6. By: Guner, Nezih (MOVE, Barcelona); Kaygusuz, Remzi (Sabanci University); Ventura, Gustavo (Arizona State University)
    Abstract: Based on well-known evidence on labor supply elasticities, several authors have concluded that women should be taxed at lower rates than men. We evaluate the quantitative implications of taxing women at a lower rate than men. Relative to the current system of taxation, setting a proportional tax rate on married females equal to 4% (8%) increases output and married female labor force participation by about 3.9% (3.4%) and 6.9% (4.0%), respectively. Gender-based taxes improve welfare and are preferred by a majority of households. Nevertheless, welfare gains are higher when the U.S. tax system is replaced by a proportional, gender-neutral income tax.
    Keywords: taxation, two-earner households, labor force participation
    JEL: E62 H31 J12 J22
    Date: 2011–09
  7. By: Maria-Grazia Attinasi (European Central Bank, Kaiserstrasse 29, D-60311 Frankfurt, Germany.); Cristina Checherita-Westphal (European Central Bank, Kaiserstrasse 29, D-60311 Frankfurt, Germany.); Malte Rieth (TU Dortmund University, Applied Economics Vogelpothsweg 87, D-44227 Dortmund, Germany.)
    Abstract: This paper investigates empirically the effect of personal income tax progressivity on output volatility in a sample of OECD countries over the period 1982-2009. Our measure of tax progressivity is based on the difference between the marginal and the average income tax rate for the average production worker. We find supportive empirical evidence for the hypothesis that higher personal income tax progressivity leads to lower output volatility. All other factors constant, countries with more progressive personal income tax systems seem to benefit from stronger automatic stabilisers. JEL Classification: E63, E32, H10.
    Keywords: Progressivity, personal income taxes, output volatility, automatic stabilisers.
    Date: 2011–09
  8. By: Herwig Immervoll; Linda Richardson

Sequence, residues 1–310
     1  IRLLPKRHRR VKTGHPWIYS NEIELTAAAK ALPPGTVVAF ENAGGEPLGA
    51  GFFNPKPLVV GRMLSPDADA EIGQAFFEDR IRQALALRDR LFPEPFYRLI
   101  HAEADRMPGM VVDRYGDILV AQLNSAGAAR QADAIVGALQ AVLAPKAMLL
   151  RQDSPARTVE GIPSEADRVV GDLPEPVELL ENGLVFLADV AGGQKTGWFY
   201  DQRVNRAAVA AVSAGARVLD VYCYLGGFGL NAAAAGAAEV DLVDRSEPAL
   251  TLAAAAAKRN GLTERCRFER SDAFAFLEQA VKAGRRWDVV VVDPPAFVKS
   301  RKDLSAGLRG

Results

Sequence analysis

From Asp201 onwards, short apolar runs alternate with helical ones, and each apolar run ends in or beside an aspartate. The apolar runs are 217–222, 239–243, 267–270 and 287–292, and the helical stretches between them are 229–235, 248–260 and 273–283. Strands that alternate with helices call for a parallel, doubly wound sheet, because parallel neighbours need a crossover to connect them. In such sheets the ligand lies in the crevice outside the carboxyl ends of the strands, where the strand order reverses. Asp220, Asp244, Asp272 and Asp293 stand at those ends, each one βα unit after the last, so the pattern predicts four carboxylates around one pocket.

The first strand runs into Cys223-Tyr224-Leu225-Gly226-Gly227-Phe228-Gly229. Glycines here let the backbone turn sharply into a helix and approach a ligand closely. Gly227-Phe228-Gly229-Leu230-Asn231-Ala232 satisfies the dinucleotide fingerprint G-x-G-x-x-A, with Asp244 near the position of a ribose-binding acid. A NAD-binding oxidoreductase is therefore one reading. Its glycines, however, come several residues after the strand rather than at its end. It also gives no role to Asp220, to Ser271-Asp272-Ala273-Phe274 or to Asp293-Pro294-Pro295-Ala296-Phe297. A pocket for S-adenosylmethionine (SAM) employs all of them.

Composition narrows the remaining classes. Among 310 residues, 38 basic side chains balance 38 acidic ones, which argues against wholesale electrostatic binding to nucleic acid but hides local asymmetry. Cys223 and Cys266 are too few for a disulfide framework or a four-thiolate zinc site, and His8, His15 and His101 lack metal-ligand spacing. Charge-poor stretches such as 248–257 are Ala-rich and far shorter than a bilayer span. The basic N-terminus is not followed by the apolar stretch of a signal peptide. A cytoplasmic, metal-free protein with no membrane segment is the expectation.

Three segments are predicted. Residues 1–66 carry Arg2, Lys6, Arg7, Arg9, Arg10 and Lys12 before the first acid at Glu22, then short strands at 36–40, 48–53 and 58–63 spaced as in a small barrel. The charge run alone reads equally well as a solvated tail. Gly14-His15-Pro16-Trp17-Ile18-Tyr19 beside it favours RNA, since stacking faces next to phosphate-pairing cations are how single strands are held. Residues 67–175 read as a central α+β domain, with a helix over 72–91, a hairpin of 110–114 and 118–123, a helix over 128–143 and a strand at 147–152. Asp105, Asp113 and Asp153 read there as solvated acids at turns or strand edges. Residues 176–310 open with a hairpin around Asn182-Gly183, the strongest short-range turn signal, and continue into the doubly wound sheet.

Abstract: We use a range of data sources to assess if, and to what extent, government redistribution policies have slowed or accelerated the trend towards greater income disparities in the past 20-25 years. In most countries, inequality among “non-elderly” households has widened during most phases of the economic cycle and any episodes of narrowing income differentials have usually not lasted long enough to close the gap between high and low incomes that had opened up previously. With progressive redistribution systems in place, greater inequality automatically leads to more redistribution, even if no policy action is taken. We find that, in the context of rising market-income inequality, tax-benefit systems have indeed become more redistributive since the 1980s but that this did not stop income inequality from rising: market-income inequality grew by twice as much as redistribution. The redistributive strength of tax-benefit systems weakened in many countries particularly in the most recent decade. While growing market-income disparities were the main driver of inequality trends between the mid-1980s and mid-1990s, reduced redistribution was often the main driver in the ten years that followed. Benefits had a much stronger impact on inequality than social contributions or taxes, despite the much bigger aggregate size of direct taxes. As a result, redistribution policies were often less successful at counteracting growing income gaps at the bottom in the top half of the income distribution.<BR>Nous utilisons une série de sources de données afin d'évaluer si, et dans quelle mesure, les politiques de redistribution du gouvernement ont ralenti ou accéléré la tendance vers une aggravation des disparités de revenus dans les 20-25 dernières années. Dans la majorité des pays, l'inégalité parmi les ménages de “non-personnes âgées” s’est élargie pendant la plupart des phases du cycle économique et des épisodes de rétrécissement d’écarts de revenus n'ont généralement pas duré assez longtemps pour réduire l'écart entre les revenus élevés et faibles qui se sont ouverts auparavant. Avec les systèmes de redistribution progressive en place, une plus grande inégalité conduit automatiquement à une plus grande redistribution, même si aucune décision politique n'est prise. Nous constatons que, dans le contexte de la hausse de l’inégalité du revenu du marché, les systèmes socio-fiscaux sont en effet devenus plus redistributifs depuis les années 80 mais cela n'a pas empêché les inégalités de revenu à augmenter : l'inégalité du revenu du marché a augmenté deux fois plus que la redistribution. La force de redistribution des systèmes socio-fiscaux s’est affaiblie dans de nombreux pays, en particulier dans la dernière décennie. Alors que l’augmentation des disparités du revenu du marché a été le principal moteur de l'évolution des inégalités entre les années 80 et 90, la réduction de redistribution était souvent le principal moteur dans les dix ans qui ont suivi. Les bénéfices ont eu un impact beaucoup plus fort sur les inégalités que les cotisations sociales ou les impôts, malgré l’importance plus grande de l’ensemble des impôts directs. En conséquence, les politiques de redistribution ont souvent connu moins de succès à contrecarrer les écarts de revenus croissants au fond dans la moitié supérieure de la répartition des revenus.